Tuesday, April 17, 2012

Where Is the Line?

I've been living this life with my kids since they were born, perhaps even before then.
When I've needed a name for how we live, "unschooling" has been one of the choices.

At the beginning, I had a large group of like minded friends, and we hung out. Long park days, every week, a bunch of Moms and kids and food and conversation.

Then we moved.
"Back home."

I had expected it to feel like that, but it didn't. All my old friends from when I was growing up had either moved away, or moved on. Most didn't have kids. Those who did, made different parenting choices.

I connected with another group of similar-minded people, another park day sort of thing. My kids were getting older, and were less interested in going out places to do group activities. We kept at it for several years, but eventually, for a variety of reasons, the appeal was less.

There was a progression, of sorts.
First, being a new Mom, trying things out, figuring out how this parenting thing works, and making choices that fit us.
Then, sharing some of those choices with other "seekers." Since some of those choices were somewhat "unusual," there was no lack of people looking for support. Whether those people were online, or around here, there was plenty of opportunity to discuss unschooling, living and learning with my kids, exploring the world. I met some wonderful people both here and online, some of whom have been friends ever since.

As my kids got older, we started to move away from the larger groups. Partly because the focus of the local group changed, to have a lot of people who were into the idea of learning cooperatives, and classes and schedules, which we weren't interested in, and partly because many of the kids my kids were friends with ended up going to school.

Most of them.
Those families were no longer interested in discussing anything to do with NOT going to school, as they refocused and re-prioritized their lives. Any support they needed was no longer going to come from the sorts of discussions we had had before.

As this change happened, I was also no longer in such need of "support" for my choices. We were pretty comfortable with what we were doing. I stopped having those discussions, stopped participating in online unschooling forums, and probably pretty much disappeared from sight from the perspective of a lot of people who had been reading things I had to say. We were busy doing other things.

Just a few months ago, I started commenting on unschooling forums again. At least on a few, mostly on facebook. They are called "pages" or "groups" there, but it's the same thing. People ask questions, other people answer them.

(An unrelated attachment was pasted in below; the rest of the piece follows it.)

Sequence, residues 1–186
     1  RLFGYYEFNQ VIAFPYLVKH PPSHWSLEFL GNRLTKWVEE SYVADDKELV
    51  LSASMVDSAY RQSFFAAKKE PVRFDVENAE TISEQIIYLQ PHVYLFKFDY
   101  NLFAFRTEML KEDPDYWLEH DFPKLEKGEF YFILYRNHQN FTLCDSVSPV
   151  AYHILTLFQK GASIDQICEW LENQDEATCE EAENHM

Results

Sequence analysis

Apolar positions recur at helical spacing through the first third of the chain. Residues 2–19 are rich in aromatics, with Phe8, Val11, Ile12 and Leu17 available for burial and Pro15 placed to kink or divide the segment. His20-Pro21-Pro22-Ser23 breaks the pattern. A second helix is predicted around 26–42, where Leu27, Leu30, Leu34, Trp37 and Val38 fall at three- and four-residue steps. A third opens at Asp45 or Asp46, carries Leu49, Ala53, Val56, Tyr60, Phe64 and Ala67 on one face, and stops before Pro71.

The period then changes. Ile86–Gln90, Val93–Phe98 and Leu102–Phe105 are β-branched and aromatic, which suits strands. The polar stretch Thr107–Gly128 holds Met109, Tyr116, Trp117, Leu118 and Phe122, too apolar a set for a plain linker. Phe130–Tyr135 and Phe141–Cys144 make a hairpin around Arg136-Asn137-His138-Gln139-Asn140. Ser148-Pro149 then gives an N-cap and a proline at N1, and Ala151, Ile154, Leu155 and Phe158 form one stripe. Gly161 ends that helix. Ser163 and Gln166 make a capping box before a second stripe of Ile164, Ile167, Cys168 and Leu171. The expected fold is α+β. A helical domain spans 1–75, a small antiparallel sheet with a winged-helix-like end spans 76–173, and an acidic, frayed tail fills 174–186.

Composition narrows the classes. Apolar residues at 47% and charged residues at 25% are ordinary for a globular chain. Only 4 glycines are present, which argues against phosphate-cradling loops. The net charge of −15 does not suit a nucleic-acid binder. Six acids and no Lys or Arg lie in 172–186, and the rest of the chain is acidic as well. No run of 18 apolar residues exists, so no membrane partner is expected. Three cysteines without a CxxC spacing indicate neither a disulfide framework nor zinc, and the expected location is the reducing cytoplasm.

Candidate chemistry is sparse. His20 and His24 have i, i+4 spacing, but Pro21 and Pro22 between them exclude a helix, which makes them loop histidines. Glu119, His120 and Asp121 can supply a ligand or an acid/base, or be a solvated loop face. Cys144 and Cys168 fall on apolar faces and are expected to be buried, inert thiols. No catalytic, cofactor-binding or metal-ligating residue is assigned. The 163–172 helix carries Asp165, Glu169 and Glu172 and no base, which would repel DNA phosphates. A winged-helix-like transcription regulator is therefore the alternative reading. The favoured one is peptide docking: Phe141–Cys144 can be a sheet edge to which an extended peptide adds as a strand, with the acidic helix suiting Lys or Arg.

Oddly, some people there remembered me.

It was interesting for a while.
Mostly the very same questions that people were asking way back when, but that's okay. Most people start out with the same, or similar, concerns, as they move away from the mainstream. I have no problem with answering the same questions over and over. It's a lot like how many, many emergency medical situations aren't such an emergency, but those people still need help and support.

Over the past few weeks, two things have happened, and I'm faced with deciding how I want to move through this.

One is that on one of the forums, someone misrepresented some of what I had been saying, in such a way that trying to correct it would be tedious, annoying, and likely not very helpful to anyone. It's the sort of thing that people often want to turn into something "personal," and I have very little tolerance for that. I decided not to bother. I'm not into this in order to argue with anyone, or to disrupt a forum, so I've simply stopped posting there. I can't be misinterpreted or misrepresented if I'm not there.

The other is that some of the questions are not only the same questions, but they are... how to describe it? It isn't that they have questions about unschooling, it's that they think that they DON'T have questions, that they are unschooling just fine, but it "doesn't work." Reading through many of those, it is clear to ME, that what they are doing is not unschooling at all, but instead, is something I've also seen a lot- people who trade in one set of "rules" for a different set, based on what they think they are supposed to be doing, instead of what they know in their hearts and minds is what is best for their family.

When their decision making is coming from some set of assumptions in their heads, it can be very difficult to have a discussion with them at all.

What I'm pondering today is this: should I spend my time trying to help these people untangle the mess they are in? Would it be possible? There is so much thinking that they need to do in order to get things sorted out, and I can't make them do it. In order to help them get closer to where I am, I'd have to work through many, many different aspects of what they are saying. It would take a lot of time. A lot of writing. I don't know that anyone would want to work through so much online.

If I could sit with them, have them meet my kids, it would be easier.

It must be terribly difficult to be trying to do this thing called unschooling when you aren't sure what it is or how it works, or even IF it works, and you get criticism from every angle. But maybe it's important to work through that yourself, rather than have people try to explain it to you?

Where is the line between helping and not helping?